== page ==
One quirk of the current shutdown is that critics have been professionally obliged to consider fewer titles, but a far greater range of material than they might once have done: with those middlebrow dramas that make up the arthouse's bread-and-butter suddenly out of the picture, the contrast between, say, Trolls World Tour (streaming from tomorrow) and the week's more marginal releases appears newly stark. (The weekly roster may have been thinned out, but it's fallen unexpectedly in line with the French release schedules, which never lack for artful odds and sods.) Last week, MUBI UK showcased Nona..., a Chilean hybrid that wasn't at all this viewer's cup of tea, but which self-isolating cinephiles may have been tempted to take a punt on; this week, the platform is highlighting Jodie Mack's The Grand Bizarre, which - at just an hour long - wouldn't have come within touching distance of a theatrical release and the coverage that comes with that. As its punning title indicates, the business of this zappy pop-art curio is material itself: it bombards the viewer with highly colourful fragments and offcuts of fabric, sourced here, there and everywhere, and deftly stitched (by Mack herself, in what is very much a one-woman show) into a jittery audiovisual tapestry that variously recalls the animations of Len Lye, Godfrey Reggio's stoner-classic Koyaanisqatsi, and the projections at every other illegal rave of the early 1990s.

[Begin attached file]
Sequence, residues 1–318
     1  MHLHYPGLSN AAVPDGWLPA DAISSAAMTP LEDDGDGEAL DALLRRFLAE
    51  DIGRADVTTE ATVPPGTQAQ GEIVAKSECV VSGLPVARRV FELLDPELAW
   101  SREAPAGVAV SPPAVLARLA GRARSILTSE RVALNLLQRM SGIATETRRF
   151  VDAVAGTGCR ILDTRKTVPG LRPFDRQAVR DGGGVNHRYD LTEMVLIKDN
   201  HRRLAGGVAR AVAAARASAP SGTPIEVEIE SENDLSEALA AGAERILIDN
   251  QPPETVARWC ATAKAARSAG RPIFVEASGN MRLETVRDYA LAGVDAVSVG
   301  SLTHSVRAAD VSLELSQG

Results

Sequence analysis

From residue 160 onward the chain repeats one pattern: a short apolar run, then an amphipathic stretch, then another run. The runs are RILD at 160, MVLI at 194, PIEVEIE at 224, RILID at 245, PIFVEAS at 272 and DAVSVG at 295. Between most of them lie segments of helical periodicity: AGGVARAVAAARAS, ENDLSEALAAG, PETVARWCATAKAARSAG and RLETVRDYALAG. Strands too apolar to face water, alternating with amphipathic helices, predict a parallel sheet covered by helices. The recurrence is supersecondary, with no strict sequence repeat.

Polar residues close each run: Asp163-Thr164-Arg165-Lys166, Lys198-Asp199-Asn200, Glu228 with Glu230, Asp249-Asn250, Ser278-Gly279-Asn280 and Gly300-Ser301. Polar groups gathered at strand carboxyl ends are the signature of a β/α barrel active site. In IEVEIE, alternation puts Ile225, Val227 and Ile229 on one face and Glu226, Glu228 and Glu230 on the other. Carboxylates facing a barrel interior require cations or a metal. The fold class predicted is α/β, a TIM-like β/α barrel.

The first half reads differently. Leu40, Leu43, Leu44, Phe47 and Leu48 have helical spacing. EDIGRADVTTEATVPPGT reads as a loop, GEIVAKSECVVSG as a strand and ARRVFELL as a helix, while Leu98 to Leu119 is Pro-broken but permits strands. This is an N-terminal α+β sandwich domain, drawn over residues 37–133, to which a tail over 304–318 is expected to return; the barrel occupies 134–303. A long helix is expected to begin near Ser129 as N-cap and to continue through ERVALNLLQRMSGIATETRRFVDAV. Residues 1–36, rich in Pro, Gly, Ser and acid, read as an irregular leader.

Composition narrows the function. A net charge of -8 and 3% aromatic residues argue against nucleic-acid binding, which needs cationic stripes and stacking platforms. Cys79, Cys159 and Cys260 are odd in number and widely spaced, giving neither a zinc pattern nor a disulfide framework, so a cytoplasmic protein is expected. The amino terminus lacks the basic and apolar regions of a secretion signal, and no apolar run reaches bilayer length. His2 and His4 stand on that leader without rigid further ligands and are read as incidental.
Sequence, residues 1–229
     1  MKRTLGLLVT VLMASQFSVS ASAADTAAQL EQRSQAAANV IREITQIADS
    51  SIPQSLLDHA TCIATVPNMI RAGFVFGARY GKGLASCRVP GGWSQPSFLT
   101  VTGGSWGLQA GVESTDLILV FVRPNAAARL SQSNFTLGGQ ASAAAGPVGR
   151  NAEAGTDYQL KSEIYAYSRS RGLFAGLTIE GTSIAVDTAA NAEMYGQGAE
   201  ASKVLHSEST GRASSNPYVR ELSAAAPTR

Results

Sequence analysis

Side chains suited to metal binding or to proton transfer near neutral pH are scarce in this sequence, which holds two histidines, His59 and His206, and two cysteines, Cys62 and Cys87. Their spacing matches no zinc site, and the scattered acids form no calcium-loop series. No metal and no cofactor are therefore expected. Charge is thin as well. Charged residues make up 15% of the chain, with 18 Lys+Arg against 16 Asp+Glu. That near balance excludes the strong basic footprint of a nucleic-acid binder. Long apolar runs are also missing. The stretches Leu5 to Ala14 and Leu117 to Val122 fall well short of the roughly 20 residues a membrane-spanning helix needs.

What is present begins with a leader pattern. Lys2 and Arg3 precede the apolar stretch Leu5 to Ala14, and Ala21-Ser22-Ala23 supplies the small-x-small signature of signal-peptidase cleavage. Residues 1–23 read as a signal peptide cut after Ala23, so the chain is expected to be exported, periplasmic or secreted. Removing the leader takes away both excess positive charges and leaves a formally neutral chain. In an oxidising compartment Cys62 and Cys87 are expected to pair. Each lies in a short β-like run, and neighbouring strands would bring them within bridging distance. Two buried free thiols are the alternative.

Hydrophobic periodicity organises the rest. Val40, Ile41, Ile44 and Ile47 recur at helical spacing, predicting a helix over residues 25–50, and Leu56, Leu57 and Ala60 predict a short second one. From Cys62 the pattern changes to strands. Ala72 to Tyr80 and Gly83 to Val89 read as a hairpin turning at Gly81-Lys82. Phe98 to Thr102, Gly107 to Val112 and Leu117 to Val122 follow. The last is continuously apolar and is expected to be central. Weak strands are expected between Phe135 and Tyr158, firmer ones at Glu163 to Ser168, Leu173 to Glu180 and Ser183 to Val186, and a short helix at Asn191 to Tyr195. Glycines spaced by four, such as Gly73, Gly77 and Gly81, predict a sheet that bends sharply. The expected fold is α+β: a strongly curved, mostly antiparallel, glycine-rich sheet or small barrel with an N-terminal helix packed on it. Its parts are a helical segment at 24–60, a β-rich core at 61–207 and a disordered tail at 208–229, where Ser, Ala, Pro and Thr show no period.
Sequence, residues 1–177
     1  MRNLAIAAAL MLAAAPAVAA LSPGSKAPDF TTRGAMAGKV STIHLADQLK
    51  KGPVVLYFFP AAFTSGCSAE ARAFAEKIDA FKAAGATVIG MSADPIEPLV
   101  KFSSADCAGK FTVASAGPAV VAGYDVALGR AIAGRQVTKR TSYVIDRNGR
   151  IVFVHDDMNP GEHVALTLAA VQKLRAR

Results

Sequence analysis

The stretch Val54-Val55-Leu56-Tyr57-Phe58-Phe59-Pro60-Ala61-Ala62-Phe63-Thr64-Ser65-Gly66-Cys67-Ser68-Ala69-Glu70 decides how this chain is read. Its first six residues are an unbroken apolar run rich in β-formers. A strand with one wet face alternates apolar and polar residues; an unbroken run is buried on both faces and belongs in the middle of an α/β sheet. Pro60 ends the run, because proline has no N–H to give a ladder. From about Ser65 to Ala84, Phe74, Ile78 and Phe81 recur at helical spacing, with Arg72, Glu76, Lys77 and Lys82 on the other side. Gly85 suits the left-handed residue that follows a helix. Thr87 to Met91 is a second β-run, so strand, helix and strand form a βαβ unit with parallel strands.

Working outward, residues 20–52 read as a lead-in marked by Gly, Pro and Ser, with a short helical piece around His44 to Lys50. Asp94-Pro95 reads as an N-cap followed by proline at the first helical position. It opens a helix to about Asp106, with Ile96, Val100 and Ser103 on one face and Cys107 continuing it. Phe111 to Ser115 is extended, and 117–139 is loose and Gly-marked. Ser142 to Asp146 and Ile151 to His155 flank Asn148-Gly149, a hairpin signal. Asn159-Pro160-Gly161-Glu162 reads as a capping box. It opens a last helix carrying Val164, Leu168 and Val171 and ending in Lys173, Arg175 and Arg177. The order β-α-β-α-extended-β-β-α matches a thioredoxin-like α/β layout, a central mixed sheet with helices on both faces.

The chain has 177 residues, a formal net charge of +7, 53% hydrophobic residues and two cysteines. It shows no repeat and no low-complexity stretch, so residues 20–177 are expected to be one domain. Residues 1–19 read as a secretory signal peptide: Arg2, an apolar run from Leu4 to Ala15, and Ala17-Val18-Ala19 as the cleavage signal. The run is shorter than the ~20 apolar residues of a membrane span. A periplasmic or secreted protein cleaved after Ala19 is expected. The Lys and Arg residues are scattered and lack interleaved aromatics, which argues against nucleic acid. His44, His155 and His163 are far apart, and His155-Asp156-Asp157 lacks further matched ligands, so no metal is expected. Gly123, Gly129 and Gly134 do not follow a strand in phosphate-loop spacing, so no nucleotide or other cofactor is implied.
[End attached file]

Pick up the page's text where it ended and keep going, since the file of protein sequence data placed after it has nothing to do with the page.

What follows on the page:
Plastic globes bouncing across the frame and passing inserts of shipping containers might suggest Mack is keen to press a few sociopolitical observations upon us: that similar patterns recur in the East and the West, possibly, or that these fabrics have been sewn with such evident skill it's a pity their makers are paid peanuts. The film also invites approach, however, as a molten blast of eye-popping stimuli, setting radically diverse shades, textures and animated ribbontails loose to an eccentric score (repetitious beats, esoteric, Art of Noise-like samples) which is itself of a piece with Mack's manic, mix-and-match editing. There's an extent to which the film seems to be recreating the experience of those flickbooks that allow the reader to dress and redress various characters, albeit at a speed that reflects the hyperaccelerated rate at which the planet now turns. Every image poses a question: how does this look? And now? And now? For a while, I wondered whether the appeal might wear off, even at an hour's duration. But no: Mack finds new juxtapositions, new horizons, taking her samples on a train, then a ship, generally alighting at some novel way of illustrating those points where the material world and the world of materials intersect. The closing stretch is a hypnotic flicker, topped by one of the year's most unexpected - therefore funniest - punchlines. (Some of these fabrics must have been... dusty.) Unlike Nona - which required contextualising information its maker wasn't prepared to give - The Grand Bizarre clearly hails from the experimental cinema's accessible and playful wing: you could even set it before housebound children, who are likely to be mesmerised by its colours and shapes, and - if you're not careful in its immediate aftermath - running amok with scissors, hacking great swatches out of the contents of your wardrobe.
The Grand Bizarre is now streaming on MUBI UK.